The Irish Times: Innovation
March 10, 2008
In a perfect world, the internet would have evolved in a planned and orderly way, and that means, quite illogically, that Web 2.0 would not have followed Web 1.0.
The plan hatched by experts at the World Wide Web Consortium, the body that supervises web standards, was for the second generation to be something a little different to Bebo and Facebook, called the Semantic Web.
“It means adding more meaning to the web,” says web expert John Breslin of NUI Galway, “so that people and computers can work together more easily, so that computers in fact can do more of the work.”
Put simply, Web 2.0 was supposed to be the time when search engines worked perfectly. And the semantic web is the technology that allows you more of a push-button approach to information issues, so you are not overloaded, but enabled.
Today marks the launch of the first such project for the buying public – the New York launch of MutualArt.com, a global initiative to link art collectors (the buyers) with artists, museums, galleries and information sources including the leading art publications, auction house information and prices. It is the first major application of the semantic web to a consumer service.
“We have relationships with over 250 publications and over 1,000 news feeds,” says Moti Shniberg, founder of MutualArt. “Our contribution is to analyse the users and understand their needs.”
The project also has access to records of 140 leading public museums, including the Tate in London and The Museum of Modern Art in New York. “And,” adds Shniberg, “the track record of artists from auction houses will be available.” So too will catalogues from the thousands of galleries that are expected to sign up to the service (1,200 had signed up pre-launch).
At the centre is a service that learns user preferences. It learns what you want to know and uses those preferences to form relationships between information, events, artists, galleries and museums. In short, it structures an information world for you: a huge project, by any standards.
What the art world represents is the ultimate in information overload. Much of the business of art is private – even secret. And while, over the past 10 years, public information on art, as indeed in many fields, has proliferated with online art magazines, blogs and websites, it’s not always clear how to find the information you need.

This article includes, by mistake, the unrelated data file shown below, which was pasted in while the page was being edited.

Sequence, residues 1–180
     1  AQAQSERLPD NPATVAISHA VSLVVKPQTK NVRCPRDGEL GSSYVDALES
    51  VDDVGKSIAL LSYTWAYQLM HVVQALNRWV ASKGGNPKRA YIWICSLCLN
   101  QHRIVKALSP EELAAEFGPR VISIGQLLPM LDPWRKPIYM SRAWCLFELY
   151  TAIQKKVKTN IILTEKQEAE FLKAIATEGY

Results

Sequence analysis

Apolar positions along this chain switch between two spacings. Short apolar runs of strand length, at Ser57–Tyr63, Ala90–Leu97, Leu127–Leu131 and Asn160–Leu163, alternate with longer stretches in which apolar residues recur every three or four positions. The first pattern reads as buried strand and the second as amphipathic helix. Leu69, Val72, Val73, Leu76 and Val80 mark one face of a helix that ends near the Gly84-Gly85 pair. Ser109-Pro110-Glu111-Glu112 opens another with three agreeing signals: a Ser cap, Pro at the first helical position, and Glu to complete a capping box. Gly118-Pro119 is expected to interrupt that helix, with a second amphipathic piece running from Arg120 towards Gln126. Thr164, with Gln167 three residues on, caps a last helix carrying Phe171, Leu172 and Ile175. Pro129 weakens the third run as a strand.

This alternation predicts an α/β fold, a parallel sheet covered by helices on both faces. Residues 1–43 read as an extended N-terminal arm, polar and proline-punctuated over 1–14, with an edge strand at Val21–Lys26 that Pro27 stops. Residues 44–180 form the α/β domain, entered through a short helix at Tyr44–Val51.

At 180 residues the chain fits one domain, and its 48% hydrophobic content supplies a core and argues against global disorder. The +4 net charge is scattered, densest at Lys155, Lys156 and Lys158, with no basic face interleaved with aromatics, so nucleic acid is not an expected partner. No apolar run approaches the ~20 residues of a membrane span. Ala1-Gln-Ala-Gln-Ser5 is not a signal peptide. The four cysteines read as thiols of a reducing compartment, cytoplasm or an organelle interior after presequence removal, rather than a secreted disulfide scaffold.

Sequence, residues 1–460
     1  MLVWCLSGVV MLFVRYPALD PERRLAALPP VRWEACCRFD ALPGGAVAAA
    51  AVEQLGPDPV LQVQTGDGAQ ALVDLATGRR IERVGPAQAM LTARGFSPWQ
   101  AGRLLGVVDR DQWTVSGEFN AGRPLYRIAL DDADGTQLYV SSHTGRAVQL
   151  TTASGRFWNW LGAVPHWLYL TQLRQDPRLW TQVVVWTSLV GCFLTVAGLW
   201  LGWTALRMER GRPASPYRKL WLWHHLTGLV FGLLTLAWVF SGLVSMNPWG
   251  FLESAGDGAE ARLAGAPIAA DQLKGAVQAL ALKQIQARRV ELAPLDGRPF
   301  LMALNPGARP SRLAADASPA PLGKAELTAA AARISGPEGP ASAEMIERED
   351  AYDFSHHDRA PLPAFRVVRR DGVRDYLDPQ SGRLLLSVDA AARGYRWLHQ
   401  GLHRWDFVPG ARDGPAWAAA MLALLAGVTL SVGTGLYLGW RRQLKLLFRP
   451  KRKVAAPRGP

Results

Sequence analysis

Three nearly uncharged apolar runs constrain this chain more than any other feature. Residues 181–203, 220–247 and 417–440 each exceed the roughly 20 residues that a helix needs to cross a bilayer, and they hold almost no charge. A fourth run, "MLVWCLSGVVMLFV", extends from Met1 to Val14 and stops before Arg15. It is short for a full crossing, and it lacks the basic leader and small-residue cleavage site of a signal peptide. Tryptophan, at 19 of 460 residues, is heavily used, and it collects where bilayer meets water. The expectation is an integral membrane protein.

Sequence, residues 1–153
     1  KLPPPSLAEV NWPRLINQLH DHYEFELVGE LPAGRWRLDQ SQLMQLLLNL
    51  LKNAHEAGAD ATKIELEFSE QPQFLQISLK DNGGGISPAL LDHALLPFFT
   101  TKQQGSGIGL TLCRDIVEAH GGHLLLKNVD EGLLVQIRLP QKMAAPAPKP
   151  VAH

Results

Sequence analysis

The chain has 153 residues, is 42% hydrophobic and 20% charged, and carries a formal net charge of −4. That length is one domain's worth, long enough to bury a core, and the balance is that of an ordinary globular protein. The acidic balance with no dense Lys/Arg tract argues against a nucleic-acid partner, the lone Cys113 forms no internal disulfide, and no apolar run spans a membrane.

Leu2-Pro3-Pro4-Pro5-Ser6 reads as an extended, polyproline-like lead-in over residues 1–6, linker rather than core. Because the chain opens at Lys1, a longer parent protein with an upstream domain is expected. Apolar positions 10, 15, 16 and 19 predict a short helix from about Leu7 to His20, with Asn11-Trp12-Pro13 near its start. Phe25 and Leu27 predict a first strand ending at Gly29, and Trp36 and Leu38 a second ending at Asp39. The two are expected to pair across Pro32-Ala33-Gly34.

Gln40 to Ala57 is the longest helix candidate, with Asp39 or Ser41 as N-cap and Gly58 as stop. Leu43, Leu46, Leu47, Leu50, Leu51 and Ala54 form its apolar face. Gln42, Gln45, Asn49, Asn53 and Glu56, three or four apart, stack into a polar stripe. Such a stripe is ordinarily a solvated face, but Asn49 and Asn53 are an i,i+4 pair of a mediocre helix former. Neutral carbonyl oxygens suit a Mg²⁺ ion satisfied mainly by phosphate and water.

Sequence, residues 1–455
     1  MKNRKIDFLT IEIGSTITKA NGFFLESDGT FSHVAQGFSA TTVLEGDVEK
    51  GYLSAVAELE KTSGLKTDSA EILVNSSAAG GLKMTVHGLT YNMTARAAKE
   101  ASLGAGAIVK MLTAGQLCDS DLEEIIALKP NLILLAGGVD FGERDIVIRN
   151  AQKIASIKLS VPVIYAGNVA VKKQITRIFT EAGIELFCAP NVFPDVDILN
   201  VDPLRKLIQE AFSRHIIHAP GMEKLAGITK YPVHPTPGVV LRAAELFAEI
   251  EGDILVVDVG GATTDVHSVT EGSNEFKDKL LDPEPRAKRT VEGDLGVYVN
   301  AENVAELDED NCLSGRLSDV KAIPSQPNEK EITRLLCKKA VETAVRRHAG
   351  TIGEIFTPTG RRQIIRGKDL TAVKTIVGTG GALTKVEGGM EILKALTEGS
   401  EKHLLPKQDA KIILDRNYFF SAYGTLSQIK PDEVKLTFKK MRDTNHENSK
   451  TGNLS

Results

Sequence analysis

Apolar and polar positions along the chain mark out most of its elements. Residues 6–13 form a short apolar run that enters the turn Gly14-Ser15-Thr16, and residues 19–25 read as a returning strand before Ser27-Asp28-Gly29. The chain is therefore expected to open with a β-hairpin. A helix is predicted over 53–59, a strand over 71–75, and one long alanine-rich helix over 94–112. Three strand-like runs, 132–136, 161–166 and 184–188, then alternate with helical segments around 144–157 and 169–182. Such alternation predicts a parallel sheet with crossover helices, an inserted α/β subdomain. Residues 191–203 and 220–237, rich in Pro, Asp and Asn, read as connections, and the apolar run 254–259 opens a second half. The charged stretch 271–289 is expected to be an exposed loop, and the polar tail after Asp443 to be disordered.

The semantic web is supposed to help. The semantic web is a way of saying that computers can do the Internet more intelligently. They can link information and relate it to people, places, events and purchasing, and with precision. Those principles have been applied to MutualArt.com.
It marks not only the arrival of the semantic web in consumer markets, also the return of the portal: the aggregated, congregated mass of information on a specific subject that before the arrival of the social networks dominated web commerce. Have portals been usurped by social networks?
“What’s great about the social web is it is creating connections that the semantic web will make use of,” Breslin points out. MutualArt has come at it from a different angle.
“Web applications are developing in two ways,” says Shniberg. “For people who want to socialise, and for people who want to do business. All our customers are senior people who mean business.”
The expectation is, as we can now do portals more intelligently, we should be able to do business more efficiently.
The MutualArt.com software was designed by Ronen Feldman, previously a founder of of Clear Forest Corporation, a Waltham Massachusetts-based company that specialises in what search experts call text mining and text analytics.
In the art market its new proposition might mean that if your main desire is to learn about, for example, Chinese contemporary art, the system will suggest that you may also be interested in the reinterpretation of Asia aesthetics.
The reasonable expectation is, if you collect Chinese art, you might be ready to buy in the area of other Asian artists. If you are uncertain, sensing you are moving out of your area of specialist knowledge, you have a system to turn to that has already structured the relevant information.
Anna Somers Cocks, editor of the Art newspaper, says: “MutualArt comes from a non-art context and is a product of that feeling that art should be more under control.”
She expects that in the future, collectors, who typically travel extensively, will be able to find, through MutualArt.com, relevant events and galleries near where they are headed, meaning they can avoid local listings and websites that will supply irrelevant information.
MutualArt is, potentially, just the first manifestation of semantics on the consumer web; in fact the technology is neutral, and applicable across industries.
At the everyday level it means something different. If you are a member of a portal on sport, for example, the fact that you regularly access information on rugby will lead systems like Google adwords and Amazon to recommend related products.
With text analytics you might find the system recommending information on key players and, depending on whether or not you read those documents, the system will dig deeper and stay alert for more information on whatever you show an interest in, all the while building a structured resource.
And if you belong to social networks, adds Breslin, “it might tell you which of your friends have similar interests”.
The point about MutualArt is that it is the first consumer application to embody a set of techniques that the software world is pursuing, techniques that are expected to create a more efficient information economy, regardless of what you collect or buy. If your real interest is the art of the deal, that’s something to write home about.